King Fly - 2000 Aquamarine Scene

ARTIST: King Fly
ALBUM: Aquamarine Scene
LABEL: Ding Ply Records
YEAR: 2000

LINEUP: Anand Gan - vocals, drums, percussion, loops * Doug Davis - vocals, guitars, bass, keyboards, accordion

TRACK LISTING: 01 January Row * 02 For Mrs. White * 03 Real Sour Soul * 04 Perfectly Good Job (Call In Late) * 05 Thought of It All * 06 Temple Ray * 07 Trying * 08 Mystery Girl * 09 Season of No Winning * 10 For Mrs. White (Acoustic Version) * 11 Forty Years Ago * 12 Believe


With a brand of alternative and left of centre pop/rock, King Fly are downright impossible to categorize and on the evidence of second album 'Aquamarine Scene', are sometimes as difficult to listen to.

The offerings on display are truly a mixed bag to these ears and display the intricate problems sometimes involved when a partnership between two creative and multi-talented musicians doesn't always blossom to its fullest.

Simply put, when the song-writing abilities of Gan and Davis are combined, King Fly are an exciting, highly original and listenable proposition; but when the pop sensibilities of Gan give way to the more abstract compositions of Davis, the result is a band wrestling between two different styles and struggling for identity.

The Songs

Ranging from the sheer pop brilliance of 'Mrs White' and 'Mystery Girl' to the strange and off the wall 'Season Of No Winning' and 'Temple Ray', it's clear this is an album of contrasts.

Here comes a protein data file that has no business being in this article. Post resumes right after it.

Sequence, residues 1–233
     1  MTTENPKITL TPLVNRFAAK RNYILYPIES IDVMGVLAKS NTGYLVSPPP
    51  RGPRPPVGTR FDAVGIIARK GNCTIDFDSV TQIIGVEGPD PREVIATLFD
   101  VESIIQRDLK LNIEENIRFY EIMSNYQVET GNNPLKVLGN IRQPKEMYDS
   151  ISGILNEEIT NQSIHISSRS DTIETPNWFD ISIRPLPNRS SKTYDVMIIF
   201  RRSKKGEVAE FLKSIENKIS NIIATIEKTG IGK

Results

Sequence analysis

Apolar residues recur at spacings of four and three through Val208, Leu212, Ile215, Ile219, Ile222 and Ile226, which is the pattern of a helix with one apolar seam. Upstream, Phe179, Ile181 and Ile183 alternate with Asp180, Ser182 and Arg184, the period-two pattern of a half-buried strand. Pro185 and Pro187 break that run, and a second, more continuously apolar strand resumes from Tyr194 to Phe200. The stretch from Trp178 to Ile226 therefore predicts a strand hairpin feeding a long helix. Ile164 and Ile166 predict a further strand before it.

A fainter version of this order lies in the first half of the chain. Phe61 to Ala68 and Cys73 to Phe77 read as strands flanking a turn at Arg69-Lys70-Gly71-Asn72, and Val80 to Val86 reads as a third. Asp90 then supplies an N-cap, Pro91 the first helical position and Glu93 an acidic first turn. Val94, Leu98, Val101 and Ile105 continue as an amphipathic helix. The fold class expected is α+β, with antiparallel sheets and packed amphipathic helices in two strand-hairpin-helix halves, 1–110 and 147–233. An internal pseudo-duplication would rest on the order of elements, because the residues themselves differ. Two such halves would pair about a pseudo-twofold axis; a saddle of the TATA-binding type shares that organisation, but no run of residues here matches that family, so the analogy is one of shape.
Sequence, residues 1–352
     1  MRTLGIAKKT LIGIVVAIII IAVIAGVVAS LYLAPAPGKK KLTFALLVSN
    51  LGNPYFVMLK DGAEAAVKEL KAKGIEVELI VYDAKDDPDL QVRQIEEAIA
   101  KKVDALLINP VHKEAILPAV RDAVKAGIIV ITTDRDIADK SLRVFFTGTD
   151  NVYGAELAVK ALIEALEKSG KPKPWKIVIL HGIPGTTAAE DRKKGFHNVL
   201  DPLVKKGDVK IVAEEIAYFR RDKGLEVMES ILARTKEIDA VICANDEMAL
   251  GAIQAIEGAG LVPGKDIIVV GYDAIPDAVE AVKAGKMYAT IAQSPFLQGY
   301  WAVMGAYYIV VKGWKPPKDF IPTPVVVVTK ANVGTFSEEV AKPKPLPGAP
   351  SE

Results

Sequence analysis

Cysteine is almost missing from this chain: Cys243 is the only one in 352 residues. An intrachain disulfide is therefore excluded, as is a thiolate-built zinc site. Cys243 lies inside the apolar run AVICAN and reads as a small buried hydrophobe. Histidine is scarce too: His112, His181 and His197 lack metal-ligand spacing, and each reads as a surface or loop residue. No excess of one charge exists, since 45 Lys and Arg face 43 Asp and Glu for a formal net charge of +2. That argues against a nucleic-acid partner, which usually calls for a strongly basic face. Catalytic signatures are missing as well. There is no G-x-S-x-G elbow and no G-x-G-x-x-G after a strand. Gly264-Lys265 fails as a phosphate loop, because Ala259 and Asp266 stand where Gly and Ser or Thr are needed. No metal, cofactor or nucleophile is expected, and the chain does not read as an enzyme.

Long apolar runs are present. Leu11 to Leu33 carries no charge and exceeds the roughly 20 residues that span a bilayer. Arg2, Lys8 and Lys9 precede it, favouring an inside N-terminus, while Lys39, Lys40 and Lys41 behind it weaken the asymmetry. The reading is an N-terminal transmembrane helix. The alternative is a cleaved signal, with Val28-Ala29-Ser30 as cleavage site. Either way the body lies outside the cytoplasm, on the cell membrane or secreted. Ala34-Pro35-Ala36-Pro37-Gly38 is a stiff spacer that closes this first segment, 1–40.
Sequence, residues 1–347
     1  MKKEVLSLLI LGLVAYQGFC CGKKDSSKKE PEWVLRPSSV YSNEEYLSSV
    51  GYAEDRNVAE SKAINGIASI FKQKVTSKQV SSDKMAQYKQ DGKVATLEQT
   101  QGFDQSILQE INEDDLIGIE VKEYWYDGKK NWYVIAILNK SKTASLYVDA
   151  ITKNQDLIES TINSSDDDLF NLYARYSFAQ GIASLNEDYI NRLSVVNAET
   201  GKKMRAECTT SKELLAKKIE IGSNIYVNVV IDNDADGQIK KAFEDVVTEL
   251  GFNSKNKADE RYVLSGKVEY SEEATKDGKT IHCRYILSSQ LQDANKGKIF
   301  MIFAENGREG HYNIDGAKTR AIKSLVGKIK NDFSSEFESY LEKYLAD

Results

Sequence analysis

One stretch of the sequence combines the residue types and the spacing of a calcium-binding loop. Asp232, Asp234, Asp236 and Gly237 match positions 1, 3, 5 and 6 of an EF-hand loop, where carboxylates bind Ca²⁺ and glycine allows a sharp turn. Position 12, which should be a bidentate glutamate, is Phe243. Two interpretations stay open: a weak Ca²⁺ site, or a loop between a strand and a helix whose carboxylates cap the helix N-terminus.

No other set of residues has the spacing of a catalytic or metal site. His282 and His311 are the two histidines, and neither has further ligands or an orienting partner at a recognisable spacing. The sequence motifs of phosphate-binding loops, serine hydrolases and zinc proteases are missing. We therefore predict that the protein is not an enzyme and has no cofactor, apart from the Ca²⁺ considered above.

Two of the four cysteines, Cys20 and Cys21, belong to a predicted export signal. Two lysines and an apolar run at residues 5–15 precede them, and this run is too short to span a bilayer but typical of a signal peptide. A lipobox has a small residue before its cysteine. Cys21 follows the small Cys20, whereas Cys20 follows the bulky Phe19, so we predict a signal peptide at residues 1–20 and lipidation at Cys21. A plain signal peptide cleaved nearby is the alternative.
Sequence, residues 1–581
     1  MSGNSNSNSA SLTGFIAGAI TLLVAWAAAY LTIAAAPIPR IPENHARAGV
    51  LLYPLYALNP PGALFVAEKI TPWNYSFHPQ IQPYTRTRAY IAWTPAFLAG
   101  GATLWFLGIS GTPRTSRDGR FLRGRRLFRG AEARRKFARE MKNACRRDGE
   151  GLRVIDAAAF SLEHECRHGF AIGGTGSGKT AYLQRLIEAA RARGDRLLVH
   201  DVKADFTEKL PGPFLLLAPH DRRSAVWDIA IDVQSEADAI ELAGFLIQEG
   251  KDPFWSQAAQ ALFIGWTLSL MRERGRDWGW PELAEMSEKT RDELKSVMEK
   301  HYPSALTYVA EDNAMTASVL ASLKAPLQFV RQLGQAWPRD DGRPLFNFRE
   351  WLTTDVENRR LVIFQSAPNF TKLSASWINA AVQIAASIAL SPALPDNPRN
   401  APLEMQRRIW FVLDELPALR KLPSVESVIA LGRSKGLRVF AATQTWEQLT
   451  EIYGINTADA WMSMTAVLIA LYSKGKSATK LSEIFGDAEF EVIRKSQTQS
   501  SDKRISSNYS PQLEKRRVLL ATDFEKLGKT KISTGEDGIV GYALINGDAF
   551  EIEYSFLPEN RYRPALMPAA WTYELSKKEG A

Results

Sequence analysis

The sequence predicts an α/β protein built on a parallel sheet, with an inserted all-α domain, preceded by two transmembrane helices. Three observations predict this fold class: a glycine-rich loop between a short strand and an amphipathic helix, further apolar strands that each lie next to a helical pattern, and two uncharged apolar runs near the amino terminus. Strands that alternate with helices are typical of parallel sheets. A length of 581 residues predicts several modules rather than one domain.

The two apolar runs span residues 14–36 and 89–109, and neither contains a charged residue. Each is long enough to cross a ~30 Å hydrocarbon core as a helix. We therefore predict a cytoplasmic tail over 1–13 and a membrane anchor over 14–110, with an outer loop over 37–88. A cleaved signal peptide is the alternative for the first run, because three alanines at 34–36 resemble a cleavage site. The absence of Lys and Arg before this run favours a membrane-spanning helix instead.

The first two tracks mentioned are absolute gems; 'Mrs White' (which is also represented in acoustic form) opens with a gradually seductive guitar riff and develops into a very enjoyable tune which shows the quality these guys possess.

Aided and abetted by a chorus and hook as sweet as anything you'll hear, 'Mystery Girl' has been a long time star on the IPO charts, and rightly so.

Other standouts for me are the well crafted 'Trying' which reveals itself as a real pop treat and 'Thought Of It All' which is built around a haunting yet effective piano opening and really shows the high standard of production and engineering King Fly has attained.

So if there's songs like this backed up by a first rate production, what do I have to moan about? Well, I don't think it's a coincidence that the standout tracks are the triumphant fruits of a collaboration between Gan and Davis. If the whole album had been of this standard I would have no complaints.

But the remaining tracks ('January Row' and Real Sour Soul' aside) suffer by being too lyrically and musically abstract. I just could not get into the groove of songs like 'Forty Years Ago', 'Season Of No Winning' and 'Temple Ray' (penned by Davis), while 'Perfectly Good Job' and 'Believe' aren't as melodically rewarding as the tunes mentioned earlier.

In Summary

That said, I have already mentioned how this disc displays the great potential of the partnership between Gan and Davis which bodes well for the release the guys are currently working on, but for a portion of 'Aquamarine Scene', I was left to ponder which of the contrasting sounds is the real King Fly.

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